This year’s Communicator Awards received  more than 6,000 entries from companies and agencies of all sizes, making it one of the largest awards of its kind in the world. Visit for more information.








Funding Opportunity: Sea Grant Aquaculture Research Program 2012 Request for preproposals

NOAA Sea Grant has announced a funding opportunity for its Aquaculture Research Program 2012 to support the development of environmentally and economically sustainable ocean, coastal, or Great Lakes aquaculture.

Priorities for this FY 2012 competition include: Research to inform specific regulatory decisions; Research that supports multi-use spatial planning; and Socio-economic research targeted to understand aquaculture in a larger context. Proposals must be able to express how the proposed work will have a high probability of significantly advancing U.S. marine aquaculture development in the short-term (1-2 years) or medium-term (3-5 years).

To view the full announcement Go to and perform a basic search using the Funding Opportunity Number: NOAA-OAR-SG-2012-2003249.

This is a two-stage competition, with preproposals and full proposals. Each stage has specific guidance and deadlines, stated in the announcement, with Preliminary Proposals due 2/7/2012, and Full Proposals due 4/17/2012. Applicants must submit a preproposal in order to be eligible to submit a full proposals. Preliminary Proposals are to be submitted directly to the National Office via e-mail.

Pay careful attention to the instructions and contact Sarah Kolesar, Research Coordinator for the Oregon Sea Grant Program (, 541-737-8695) as soon as possible to discuss proposals.

Ocean acidification: Trouble for oysters

Tiny oyster larvae, compared to a nickelCould increases in ocean acidity be partly to blame for larval die-offs that have plagued Northwest oyster producers for much of the past decade? Scientists and growers believe that may be the case – and they’re struggling to help the region’s lucrative shellfish industry adapt to the risk.

In a recent blog post for the Sightline Institute, a Pacific Northwest sustainable policy center, former Seattle Post-Intelligencer reporter Jennifer Langston talks to growers and scientist who are concerned about ocean acidification and the threat it poses for oyster growers in the Pacific Northwest.

According to Langston, West Coast oyster production dropped from 94 million pounds in 2005 to 73 million pounds in 2009, resulting in an $11 million loss in sales for what had become a $72 million-a-year industry.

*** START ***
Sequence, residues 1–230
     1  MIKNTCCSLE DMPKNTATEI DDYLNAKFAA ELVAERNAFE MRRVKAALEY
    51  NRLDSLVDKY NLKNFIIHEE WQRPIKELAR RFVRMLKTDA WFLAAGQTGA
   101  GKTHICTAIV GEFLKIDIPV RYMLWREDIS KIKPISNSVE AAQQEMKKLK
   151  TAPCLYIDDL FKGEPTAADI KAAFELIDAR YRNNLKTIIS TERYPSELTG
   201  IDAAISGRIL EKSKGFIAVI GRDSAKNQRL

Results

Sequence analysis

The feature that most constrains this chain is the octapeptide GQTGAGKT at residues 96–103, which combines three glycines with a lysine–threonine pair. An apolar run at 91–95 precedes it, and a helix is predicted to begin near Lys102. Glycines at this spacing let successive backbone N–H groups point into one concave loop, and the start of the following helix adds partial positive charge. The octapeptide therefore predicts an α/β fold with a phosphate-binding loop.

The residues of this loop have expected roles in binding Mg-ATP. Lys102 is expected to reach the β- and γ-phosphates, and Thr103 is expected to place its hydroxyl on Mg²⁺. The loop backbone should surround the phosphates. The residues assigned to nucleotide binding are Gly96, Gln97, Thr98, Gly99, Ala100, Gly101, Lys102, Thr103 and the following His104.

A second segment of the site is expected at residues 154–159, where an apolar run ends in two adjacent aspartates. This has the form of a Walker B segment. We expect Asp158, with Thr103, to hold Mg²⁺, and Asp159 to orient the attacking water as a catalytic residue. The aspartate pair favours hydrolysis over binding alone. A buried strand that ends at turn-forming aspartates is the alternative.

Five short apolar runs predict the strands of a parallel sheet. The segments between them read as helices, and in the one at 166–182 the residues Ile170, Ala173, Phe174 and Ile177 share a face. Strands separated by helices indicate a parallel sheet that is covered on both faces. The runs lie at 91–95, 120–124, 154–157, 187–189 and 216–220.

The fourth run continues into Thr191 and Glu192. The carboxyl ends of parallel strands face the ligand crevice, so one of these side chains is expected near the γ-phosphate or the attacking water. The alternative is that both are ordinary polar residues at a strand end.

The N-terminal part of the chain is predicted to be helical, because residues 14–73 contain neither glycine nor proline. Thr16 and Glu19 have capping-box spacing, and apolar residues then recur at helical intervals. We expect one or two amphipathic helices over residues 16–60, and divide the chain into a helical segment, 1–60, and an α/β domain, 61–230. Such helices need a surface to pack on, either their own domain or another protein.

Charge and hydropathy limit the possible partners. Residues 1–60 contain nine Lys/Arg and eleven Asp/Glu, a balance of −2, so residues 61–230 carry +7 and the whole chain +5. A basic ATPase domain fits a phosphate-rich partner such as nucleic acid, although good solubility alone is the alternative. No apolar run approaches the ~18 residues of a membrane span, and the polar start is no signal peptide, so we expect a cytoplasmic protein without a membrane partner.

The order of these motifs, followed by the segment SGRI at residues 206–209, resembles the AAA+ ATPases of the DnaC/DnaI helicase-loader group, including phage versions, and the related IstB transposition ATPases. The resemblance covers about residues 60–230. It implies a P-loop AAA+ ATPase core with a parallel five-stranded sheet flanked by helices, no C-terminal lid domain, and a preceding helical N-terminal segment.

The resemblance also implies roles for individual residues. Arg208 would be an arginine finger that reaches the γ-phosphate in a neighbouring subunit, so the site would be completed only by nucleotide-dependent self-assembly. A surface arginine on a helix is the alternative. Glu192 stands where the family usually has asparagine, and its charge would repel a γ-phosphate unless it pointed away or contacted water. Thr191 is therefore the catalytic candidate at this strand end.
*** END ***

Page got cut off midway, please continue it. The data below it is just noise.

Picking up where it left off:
Langston interviewed researchers at Oregon State University who have embarked on a major, multi-year investigation of  the effects of ocean acidification on oyster production. Among that team is OSU researcher Chris Langdon, who has received Oregon Sea Grant support for his research on the health and production of oysters, abalone and other shellfish.

While Langdon and others have identified toxic organisms  such as Vibrio tubiashii as part of the problem, there are also signs that increasing ocean acidity is playing a role in the die-off of larval oysters, which appears to worsen when ocean temperatures and currents cause water that’s high in carbon dioxide and low in pH (acidic) to well up and mix with the “good” water normally found in the oyster breeding beds.

Using what researchers have learned from their ongoing study of the issue, two major oyster producers have been able to adapt their practices to ocean conditions. Using a monitoring buoy as an early alert to changes in seawater chemistry, they were able to schedule production for “good water” periods, resulting in a strong rebound in production in the 2010 season. But concern about the state of the oceans remains.

Read the entire article in Sightline Institute’s blog.

Read more about the NOAA research project and how it has helped growers adjust their aquaculture practices.

[Photo courtesy of OSU Extension Service]

National program offers grants for aquaculture, invasives research

NOAA Sea Grant is offering grants totalling $12.8 million to coordinated research, outreach and education programs designed to create sustainable aquaculture projects and limit the regional spread of invasive species.

Approximately half of the funds are devoted to  a broad national aquaculture  competition open to institutions of higher education, nonprofit organizations, commercial organizations, state, local and Indian tribal governments and individuals. Dubbed the NOAA Sea Grant Aquaculture Research Program 2010, the competition is aimed at funding economically and environmentally sustainable aquaculture projects across the country in 2010-2011.

The remaining two grants are open to research, outreach and education teams affiliated with one or more of the 30 National Sea Grant College Programs located in US coastal and Great Lakes states (as well as the US Virgin Islands, Guam and Puerto Rico).  One program will offer up to $4.8 million in grants to help support state and regional aquaculture through outreach and technology transfer; the other devotes $2 million to regional-scale efforts to address marine invasive species issues.

Each of the three grant programs depends on the availability of federal funding. Proposals must be submitted through, and application deadlines are in May.

For more information visit the NOAA Sea Grant Web site.